Effect of ventilation pattern on room air and contaminant distribution.

Investigates the ventilation efficiency of different ventilation patterns arranged by two inlet and two outlet diffusers at different locations. First performs a numerical simulation, then a laboratory test in a full scale test chamber to validate the results. A concentration decay of carbon dioxide was used to calculate the ventilation efficiency and air change rate for the test chamber. States that the location of diffuser rather than air change rate might dominate the distribution of supply/exhaust air in the study.

Demand control ventilation using CO2.

Carbon dioxide (CO)-based demand controlled ventilation (DCV) is increasingly used to modulate outside air ventilation based on real-time occupancy. Its use could potentially become as common as thermostatic control is today. This article summarizes the current state of the art in CO 2 -based ventilation control including a brief discussion of the technology used, its reliability and how it is best applied. Like any control approach, the success of a C02-based DCV application is dependent on how it is engineered and installed.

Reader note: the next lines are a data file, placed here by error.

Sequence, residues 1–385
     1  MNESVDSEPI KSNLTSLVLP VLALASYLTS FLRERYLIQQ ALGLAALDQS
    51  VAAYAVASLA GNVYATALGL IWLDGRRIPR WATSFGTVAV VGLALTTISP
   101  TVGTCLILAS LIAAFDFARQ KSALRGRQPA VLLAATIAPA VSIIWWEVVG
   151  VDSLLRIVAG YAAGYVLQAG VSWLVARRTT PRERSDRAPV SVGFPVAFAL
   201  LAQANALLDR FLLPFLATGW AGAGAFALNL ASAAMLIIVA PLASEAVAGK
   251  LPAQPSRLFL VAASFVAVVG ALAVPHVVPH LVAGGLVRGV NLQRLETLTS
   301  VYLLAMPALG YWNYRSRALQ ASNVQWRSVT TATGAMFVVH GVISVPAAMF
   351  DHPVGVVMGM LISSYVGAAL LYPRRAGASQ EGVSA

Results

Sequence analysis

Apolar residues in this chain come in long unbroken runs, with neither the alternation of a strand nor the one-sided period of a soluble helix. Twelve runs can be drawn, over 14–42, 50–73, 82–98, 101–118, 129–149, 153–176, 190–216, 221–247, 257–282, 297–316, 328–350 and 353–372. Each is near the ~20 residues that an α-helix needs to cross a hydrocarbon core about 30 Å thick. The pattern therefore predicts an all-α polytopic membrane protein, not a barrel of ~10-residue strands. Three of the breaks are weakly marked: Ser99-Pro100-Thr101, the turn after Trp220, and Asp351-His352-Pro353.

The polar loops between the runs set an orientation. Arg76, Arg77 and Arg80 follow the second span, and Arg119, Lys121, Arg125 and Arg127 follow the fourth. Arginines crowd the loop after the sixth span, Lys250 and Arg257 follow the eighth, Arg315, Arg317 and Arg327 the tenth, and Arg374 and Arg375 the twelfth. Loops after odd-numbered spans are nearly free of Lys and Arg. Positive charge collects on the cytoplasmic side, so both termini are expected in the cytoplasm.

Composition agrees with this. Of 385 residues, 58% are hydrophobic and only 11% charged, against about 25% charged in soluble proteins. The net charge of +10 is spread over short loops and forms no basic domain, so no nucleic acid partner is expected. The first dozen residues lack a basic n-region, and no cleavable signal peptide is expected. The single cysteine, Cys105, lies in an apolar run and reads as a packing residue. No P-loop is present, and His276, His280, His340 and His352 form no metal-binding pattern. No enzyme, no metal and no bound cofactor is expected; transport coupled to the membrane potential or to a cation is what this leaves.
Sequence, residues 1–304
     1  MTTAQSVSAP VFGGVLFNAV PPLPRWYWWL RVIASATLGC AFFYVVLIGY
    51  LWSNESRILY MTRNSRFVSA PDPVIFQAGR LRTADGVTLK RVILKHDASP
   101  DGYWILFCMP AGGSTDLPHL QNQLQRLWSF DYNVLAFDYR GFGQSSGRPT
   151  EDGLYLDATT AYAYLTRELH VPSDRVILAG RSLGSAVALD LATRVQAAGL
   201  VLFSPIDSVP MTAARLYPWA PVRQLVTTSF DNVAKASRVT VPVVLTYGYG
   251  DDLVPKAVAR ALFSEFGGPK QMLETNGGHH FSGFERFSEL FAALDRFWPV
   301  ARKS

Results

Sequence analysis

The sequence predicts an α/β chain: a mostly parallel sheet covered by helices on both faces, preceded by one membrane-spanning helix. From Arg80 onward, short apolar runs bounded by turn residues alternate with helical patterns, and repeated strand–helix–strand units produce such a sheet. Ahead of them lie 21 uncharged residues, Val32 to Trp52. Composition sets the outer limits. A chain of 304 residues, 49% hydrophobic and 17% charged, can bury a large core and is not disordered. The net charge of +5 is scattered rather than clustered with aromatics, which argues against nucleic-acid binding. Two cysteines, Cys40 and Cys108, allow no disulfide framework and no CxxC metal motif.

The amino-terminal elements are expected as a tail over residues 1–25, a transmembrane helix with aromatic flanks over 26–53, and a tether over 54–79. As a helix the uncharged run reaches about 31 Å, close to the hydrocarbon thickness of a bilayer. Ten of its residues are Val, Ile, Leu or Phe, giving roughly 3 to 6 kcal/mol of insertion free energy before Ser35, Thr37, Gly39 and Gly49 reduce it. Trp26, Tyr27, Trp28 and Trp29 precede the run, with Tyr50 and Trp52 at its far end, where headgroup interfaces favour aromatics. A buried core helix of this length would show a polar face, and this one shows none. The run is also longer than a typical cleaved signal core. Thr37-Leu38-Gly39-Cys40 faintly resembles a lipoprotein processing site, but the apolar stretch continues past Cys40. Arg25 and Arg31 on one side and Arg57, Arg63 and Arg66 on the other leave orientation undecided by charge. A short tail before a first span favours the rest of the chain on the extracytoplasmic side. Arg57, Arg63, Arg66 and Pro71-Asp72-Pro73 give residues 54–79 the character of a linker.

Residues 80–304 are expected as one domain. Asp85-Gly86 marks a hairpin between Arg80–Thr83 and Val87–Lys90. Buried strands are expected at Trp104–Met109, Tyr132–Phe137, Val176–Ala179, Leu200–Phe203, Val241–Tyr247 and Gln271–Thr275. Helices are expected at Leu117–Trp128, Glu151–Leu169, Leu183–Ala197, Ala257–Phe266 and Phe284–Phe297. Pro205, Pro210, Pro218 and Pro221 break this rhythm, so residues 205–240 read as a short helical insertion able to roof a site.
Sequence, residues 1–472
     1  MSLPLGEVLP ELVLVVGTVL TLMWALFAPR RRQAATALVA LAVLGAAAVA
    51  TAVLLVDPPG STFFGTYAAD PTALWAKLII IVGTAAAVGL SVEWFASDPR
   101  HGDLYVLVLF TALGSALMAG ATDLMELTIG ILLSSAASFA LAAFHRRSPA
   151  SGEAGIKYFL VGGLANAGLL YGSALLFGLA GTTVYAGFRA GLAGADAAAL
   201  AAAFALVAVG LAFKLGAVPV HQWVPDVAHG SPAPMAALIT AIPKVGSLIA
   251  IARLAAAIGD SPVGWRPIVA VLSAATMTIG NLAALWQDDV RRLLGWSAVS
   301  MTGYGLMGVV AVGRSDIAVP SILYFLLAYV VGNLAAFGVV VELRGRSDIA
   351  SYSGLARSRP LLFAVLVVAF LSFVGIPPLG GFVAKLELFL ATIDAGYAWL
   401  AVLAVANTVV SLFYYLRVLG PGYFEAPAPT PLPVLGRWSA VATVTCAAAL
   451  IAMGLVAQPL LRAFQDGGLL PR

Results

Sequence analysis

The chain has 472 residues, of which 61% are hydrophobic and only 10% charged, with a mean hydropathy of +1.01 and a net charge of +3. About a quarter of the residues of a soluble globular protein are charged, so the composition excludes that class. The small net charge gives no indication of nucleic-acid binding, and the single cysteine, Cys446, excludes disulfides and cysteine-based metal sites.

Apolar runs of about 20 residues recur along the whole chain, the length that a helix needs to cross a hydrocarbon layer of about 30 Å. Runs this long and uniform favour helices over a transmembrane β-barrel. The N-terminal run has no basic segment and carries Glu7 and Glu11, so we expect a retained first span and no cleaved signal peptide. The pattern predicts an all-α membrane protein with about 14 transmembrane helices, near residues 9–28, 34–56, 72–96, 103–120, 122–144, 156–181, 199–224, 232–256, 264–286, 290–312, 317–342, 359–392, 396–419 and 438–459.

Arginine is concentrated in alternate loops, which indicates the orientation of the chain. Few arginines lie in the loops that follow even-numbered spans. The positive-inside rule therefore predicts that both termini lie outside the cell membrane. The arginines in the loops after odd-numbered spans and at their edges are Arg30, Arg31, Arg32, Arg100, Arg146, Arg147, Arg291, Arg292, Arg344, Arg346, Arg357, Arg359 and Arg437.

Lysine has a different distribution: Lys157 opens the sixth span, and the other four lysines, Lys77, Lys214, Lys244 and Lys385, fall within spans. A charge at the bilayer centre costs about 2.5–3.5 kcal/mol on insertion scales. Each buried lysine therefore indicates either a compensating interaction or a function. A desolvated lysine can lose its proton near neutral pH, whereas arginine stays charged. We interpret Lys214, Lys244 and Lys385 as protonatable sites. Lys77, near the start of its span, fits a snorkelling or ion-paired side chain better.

Experience curves for energy technology policy.

The book discusses issues raised by the "experience effect", such as price-cost cycles, competition for learning opportunities in the market, risk of "technology lockout" and the effects of research, development and deployment policies on technology learning. Case studies illustrate how experience curves can be used to set policy targets and to design policy measures that will encourage both investment in and use of environment-friendly energy technologies. Low-cost paths to stabilising CO2 emissions are explored.

Household greenhouse gas emissions.


Baseline indoor air quality pollutant characterisation in five United States schools.

This paper summarizes baseline results from the U.S. Environmental Protection Agency's (EPA) school demonstration studies. Indoor pollutants of concern were formaldehyde, sum of targeted volatile organic compounds o:VOC), carbon monoxide (CO), particulate matter less than 2.5 microns (PM2.5), particulate matter less than 10 microns (PM10), and bioaerosols (bacteria, fungi, and thermophiles). The five schools presented here had no significant indoor air quality problems. Locations of these schools were distributed throughout various climate zones in the United States.